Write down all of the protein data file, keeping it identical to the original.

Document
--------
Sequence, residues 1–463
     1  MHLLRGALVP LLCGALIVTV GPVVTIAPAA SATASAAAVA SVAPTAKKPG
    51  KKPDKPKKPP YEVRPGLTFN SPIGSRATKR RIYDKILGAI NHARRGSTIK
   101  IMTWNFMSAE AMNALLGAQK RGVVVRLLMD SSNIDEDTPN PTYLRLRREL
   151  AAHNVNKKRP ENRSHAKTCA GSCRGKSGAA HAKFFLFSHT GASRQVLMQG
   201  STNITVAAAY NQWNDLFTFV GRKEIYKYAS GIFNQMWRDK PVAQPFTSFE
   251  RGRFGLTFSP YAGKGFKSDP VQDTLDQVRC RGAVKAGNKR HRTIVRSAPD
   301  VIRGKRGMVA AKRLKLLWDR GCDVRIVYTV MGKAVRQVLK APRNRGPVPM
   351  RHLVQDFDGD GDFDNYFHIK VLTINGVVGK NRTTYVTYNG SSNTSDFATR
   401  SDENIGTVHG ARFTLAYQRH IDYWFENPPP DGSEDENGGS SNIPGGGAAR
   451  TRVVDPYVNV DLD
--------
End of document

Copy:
Sequence, residues 1–463
     1  MHLLRGALVP LLCGALIVTV GPVVTIAPAA SATASAAAVA SVAPTAKKPG
    51  KKPDKPKKPP YEVRPGLTFN SPIGSRATKR RIYDKILGAI NHARRGSTIK
   101  IMTWNFMSAE AMNALLGAQK RGVVVRLLMD SSNIDEDTPN PTYLRLRREL
   151  AAHNVNKKRP ENRSHAKTCA GSCRGKSGAA HAKFFLFSHT GASRQVLMQG
   201  STNITVAAAY NQWNDLFTFV GRKEIYKYAS GIFNQMWRDK PVAQPFTSFE
   251  RGRFGLTFSP YAGKGFKSDP VQDTLDQVRC RGAVKAGNKR HRTIVRSAPD
   301  VIRGKRGMVA AKRLKLLWDR GCDVRIVYTV MGKAVRQVLK APRNRGPVPM
   351  RHLVQDFDGD GDFDNYFHIK VLTINGVVGK NRTTYVTYNG SSNTSDFATR
   401  SDENIGTVHG ARFTLAYQRH IDYWFENPPP DGSEDENGGS SNIPGGGAAR
   451  TRVVDPYVNV DLD